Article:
When you work in the translation industry, you come across a lot of people with funny ideas about what we do, and how we do it. Unfortunately, translation isn’t given the value that it deserves as a people often look upon it as a commodity; a commodity with little value at that.
Many “smart” people I have met in the 10 years of working in translation do not understand the value, complexity and worth of translation. This applies to translation work itself, the efforts of translators and the solutions offered by agencies.
Translation is a serious business. Without it the world would stop – not literally, but think about business, politics, transport, sports, media, etc. that would all be affected if we no longer had translation.
Here are 5 shocking statements I hear all too often that point to ignorance about translation and translators.
#1: “If you speak another language, you can be a translator”
This is perhaps one of the most common statements I hear from businesses who do not wish to invest in professional translation services. It is possibly the most serious of the lot.
Let’s get this clear – speaking another language does not and will never qualify anybody to become a “translator”. It may help you understand the meaning of something, say in French, but could you properly then translate that into your own language? Some people may be able to accurately translate texts but the vast majority will not. Why?
- A translator must have an in-depth and academic understanding and knowledge of at least two languages (a foreign language and a native language). Their reading/writing skills must be superb in both.
- Translating is a proper skill. You don’t just become a translator; you study for it, you practice and you develop your skills to ensure you understand the ins and outs of translation. It’s not just about turning one set of words into another – it’s way more complex than that.
- Language is not just words – it’s a country, a people, a psyche and a culture. It’s full of subtleties only a well versed, experienced translator can grasp and work with in terms of producing high quality translations.
Let me put it this way. If you wanted your website translated into Spanish, would you really give the translation to your Aunt Paula’s neighbour’s son who worked in Benidorm for a summer? Believe me…many do.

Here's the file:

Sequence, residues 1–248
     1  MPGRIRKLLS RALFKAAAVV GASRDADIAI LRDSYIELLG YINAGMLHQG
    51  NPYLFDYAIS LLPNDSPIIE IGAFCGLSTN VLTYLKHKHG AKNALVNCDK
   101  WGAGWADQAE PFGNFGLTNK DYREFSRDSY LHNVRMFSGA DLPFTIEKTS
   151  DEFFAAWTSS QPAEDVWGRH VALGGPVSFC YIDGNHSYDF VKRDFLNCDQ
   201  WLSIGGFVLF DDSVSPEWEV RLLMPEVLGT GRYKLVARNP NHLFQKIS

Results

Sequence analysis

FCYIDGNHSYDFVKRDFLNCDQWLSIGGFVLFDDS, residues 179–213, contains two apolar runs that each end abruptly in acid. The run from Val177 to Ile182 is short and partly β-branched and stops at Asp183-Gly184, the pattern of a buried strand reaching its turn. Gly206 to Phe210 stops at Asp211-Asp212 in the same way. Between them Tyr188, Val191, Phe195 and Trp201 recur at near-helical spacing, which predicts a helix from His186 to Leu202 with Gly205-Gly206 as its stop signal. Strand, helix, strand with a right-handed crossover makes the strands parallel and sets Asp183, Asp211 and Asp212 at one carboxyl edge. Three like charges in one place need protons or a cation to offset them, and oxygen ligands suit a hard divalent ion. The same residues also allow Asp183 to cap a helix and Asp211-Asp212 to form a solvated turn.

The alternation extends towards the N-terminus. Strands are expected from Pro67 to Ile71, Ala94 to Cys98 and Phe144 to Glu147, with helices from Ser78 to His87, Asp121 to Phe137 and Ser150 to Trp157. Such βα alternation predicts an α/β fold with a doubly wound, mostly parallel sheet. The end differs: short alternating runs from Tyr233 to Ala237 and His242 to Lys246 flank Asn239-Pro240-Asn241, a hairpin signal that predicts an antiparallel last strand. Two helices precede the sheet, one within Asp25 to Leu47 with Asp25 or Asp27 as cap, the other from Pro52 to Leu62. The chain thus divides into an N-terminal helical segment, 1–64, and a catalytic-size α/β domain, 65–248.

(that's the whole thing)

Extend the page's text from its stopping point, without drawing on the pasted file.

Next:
#2: “Translation is easy peasy”
In the real world, translators and agencies don’t press buttons to produce magically accurate translations. In the real world, translators research their subjects, produce draft translations, agonise over vocabulary choices and struggle with complex layouts. Translation is not easy; it can be, but on the whole translation takes time and it takes effort.
In fact, translation is so difficult I gave it up! Yes, I did Turkish to English translations for 6 months before I decided the headaches were a bad sign. Having to simultaneously concentrate on two different texts is mentally exhausting; you are continuously flipping between two languages and two mind frames. Sometimes getting one sentence pitch-perfect can take up to an hour.
Translation is not easy – it’s hard, technical work that needs time and needs respect.
#3: “You can use Google to translate”
For many people when you mention ‘translation’ they start to think or talk about machine translations or software. Google Translate for example is seen by some as their answer to all translation needs. It’s free. It’s cheap. It’s accurate.
No it isn’t accurate. If you believe this then you don’t understand machine translation. No translation software can and ever will be able to completely take the place of a human translators. This is because computers do not understand what language is, how it is used, the subtleties within it and the ever changing use of it. Computers may be able to translate simple one-dimensional sentences but they will never be able to tackle the complexities within literature or technical texts.
Machine translations are getting better and better but they are by no means complete. If you want to understand the gist of something in another language, then fine, but anything else, don’t trust it.
#4: “Professional translation isn’t necessary”
OK, it is true that you don’t always need a “professional translator”. There are many good people out there who can translate superbly but do not have professional qualifications or accreditations. However, there are also many good people out there who could fix your car but does that mean you bypass the mechanic?
If you want your translations to be accurate and professionally prepared then an experienced translator is crucial. They understand the language, the sector or specific topics, the terminology, working to deadlines, formatting, translation protocols and how best to interpret and present your translations.
So next time you need a translation, think how important it is for you to get it right. If it’s important – use a professional.
#5: “Everyone speaks English now. I don’t need a translation.”
In short, if you think this, you haven’t done much travelling abroad. Yes, a lot more people speak English than they did 20 years ago but to think that absolves anyone of having to translate materials, presentations, websites, marketing copy, advertisements, contracts, etc is nonsense. Everyone doesn’t speak English.
If you are serious about going out into the world and doing business of any kind, you will need translations. Speaking to people in their language builds trust, betters relationships, opens doors for your business or brand. If you want to sell to Turkey, Brazil or Russia – go do it in English and let’s see how far you get.
(Autor: Neil Payne, preuzeto iz www.business2community.com)